MHA tiene dos pruebas en Español:

Spanish Language Materials

Mental Health Resources for Latinx/Hispanic Communities

  • Therapy for Latinx: national mental health resource for the Latinx community; provides resources for Latinx community to heal, thrive, and become advocates for their own mental health.
  • Latinx Therapy: breaking the stigma of mental health related to the Latinx community; learn self-help techniques, how to support self & others.
  • The Focus on You: self-care, mental health, and inspirational blog run by a Latina therapist.

Partnerships and Resources

Sources

[1] US Census Bureau. (2015). Projections of the Size and Composition of the U.S. Population: 2014-2060. https://www.census.gov/content/dam/Census/library/publications/2015/demo/p25-1143.pdf

[2] Pew Research Center tabulations of the 2017 American Community Survey (1% IPUMS). https://www.pewresearch.org/fact-tank/2019/09/16/key-facts-about-u-s-hispanics/

[3] US Census Bureau. (2019). Hispanic Heritage Month 2019. https://www.census.gov/newsroom/facts-for-features/2019/hispanic-heritage-month.html  

[4] Caplan S. (2019). Intersection of Cultural and Religious Beliefs About Mental Health: Latinos in the Faith-Based Setting. Hispanic health care international: the official journal of the National Association of Hispanic Nurses, 17(1), 4–10. https://doi.org/10.1177/1540415319828265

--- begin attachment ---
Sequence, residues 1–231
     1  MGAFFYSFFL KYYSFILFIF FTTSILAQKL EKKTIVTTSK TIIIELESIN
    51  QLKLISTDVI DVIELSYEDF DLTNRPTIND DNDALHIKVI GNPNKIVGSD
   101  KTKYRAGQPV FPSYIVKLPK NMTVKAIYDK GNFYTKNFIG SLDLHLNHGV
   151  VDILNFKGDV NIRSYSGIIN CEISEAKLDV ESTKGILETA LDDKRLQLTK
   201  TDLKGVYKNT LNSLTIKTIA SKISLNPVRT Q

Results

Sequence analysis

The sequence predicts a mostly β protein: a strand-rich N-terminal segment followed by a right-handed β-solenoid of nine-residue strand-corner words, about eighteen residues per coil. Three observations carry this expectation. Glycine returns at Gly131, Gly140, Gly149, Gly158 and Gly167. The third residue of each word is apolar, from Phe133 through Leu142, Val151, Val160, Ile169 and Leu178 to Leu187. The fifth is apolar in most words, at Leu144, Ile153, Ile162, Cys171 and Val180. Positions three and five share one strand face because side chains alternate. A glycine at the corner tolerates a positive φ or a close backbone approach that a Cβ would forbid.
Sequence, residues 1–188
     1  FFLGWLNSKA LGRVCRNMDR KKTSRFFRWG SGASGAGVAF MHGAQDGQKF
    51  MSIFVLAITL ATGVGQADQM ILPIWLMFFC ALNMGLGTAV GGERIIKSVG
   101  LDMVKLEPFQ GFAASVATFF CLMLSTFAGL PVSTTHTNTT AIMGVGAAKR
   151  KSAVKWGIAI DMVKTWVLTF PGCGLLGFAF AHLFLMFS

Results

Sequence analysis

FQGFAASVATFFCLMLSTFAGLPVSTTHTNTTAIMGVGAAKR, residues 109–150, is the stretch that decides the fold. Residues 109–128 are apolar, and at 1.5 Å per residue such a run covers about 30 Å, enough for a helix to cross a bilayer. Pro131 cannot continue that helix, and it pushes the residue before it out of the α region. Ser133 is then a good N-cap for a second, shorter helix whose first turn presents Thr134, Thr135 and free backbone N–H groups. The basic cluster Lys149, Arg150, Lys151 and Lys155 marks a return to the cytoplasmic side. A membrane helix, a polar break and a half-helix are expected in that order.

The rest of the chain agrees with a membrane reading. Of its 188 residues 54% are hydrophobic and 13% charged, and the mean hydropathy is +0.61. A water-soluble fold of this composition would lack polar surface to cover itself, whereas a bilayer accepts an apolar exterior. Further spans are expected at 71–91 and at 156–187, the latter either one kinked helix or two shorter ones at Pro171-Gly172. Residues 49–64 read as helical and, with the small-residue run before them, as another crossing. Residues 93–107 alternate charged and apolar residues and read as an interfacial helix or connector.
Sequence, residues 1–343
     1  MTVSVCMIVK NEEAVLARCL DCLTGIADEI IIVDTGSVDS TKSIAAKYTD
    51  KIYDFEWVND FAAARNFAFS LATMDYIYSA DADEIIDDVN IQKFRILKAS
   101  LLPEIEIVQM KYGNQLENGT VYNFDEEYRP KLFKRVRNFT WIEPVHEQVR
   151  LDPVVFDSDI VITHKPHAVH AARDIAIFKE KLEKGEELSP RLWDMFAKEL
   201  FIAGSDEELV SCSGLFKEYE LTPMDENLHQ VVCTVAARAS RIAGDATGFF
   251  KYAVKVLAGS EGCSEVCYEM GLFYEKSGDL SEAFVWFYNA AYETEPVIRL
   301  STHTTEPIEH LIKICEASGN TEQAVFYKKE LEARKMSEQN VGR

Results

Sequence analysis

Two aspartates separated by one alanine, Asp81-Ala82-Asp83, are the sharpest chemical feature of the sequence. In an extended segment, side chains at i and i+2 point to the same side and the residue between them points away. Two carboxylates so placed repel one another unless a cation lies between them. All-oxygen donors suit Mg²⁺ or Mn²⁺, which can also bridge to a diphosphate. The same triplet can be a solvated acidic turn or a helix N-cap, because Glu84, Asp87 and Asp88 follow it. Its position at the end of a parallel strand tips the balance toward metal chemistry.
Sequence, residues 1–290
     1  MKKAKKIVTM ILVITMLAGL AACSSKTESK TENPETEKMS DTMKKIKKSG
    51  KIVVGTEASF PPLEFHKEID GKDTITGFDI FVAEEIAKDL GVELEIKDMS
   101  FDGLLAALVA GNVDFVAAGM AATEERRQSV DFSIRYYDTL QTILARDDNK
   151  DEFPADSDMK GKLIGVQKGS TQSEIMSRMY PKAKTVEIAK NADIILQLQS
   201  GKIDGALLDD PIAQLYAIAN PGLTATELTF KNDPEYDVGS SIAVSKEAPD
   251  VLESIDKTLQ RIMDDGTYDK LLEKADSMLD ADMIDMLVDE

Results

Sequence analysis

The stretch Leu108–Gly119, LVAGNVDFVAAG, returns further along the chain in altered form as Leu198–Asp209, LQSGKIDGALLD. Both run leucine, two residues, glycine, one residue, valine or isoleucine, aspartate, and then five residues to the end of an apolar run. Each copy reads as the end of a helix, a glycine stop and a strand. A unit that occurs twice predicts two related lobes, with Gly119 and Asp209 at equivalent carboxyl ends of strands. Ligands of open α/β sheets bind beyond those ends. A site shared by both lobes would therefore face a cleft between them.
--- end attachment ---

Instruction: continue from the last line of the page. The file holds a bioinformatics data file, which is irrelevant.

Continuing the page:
[5] Jimenez, D. E., Bartels, S. J., Cardenas, V., & Alegría, M. (2013). Stigmatizing attitudes toward mental illness among racial/ethnic older adults in primary care. International journal of geriatric psychiatry, 28(10), 1061–1068. https://doi.org/10.1002/gps.3928. Accessed from https://www.ncbi.nlm.nih.gov/pmc/articles/PMC3672370/.

[6] American Psychiatric Association. (2017). Mental Health Disparities: Hispanics and Latinos. https://www.psychiatry.org/File%20Library/Psychiatrists/Cultural-Competency/Mental-Health-Disparities/Mental-Health-Facts-for-Hispanic-Latino.pdf

[7] SAMHSA. 2018 National Survey on Drug Use and Health (NSDUH): Hispanics, Latino, or Spanish Origin or Descent. https://www.samhsa.gov/data/sites/default/files/reports/rpt23249/4_Hispanic_2020_01_14_508.pdf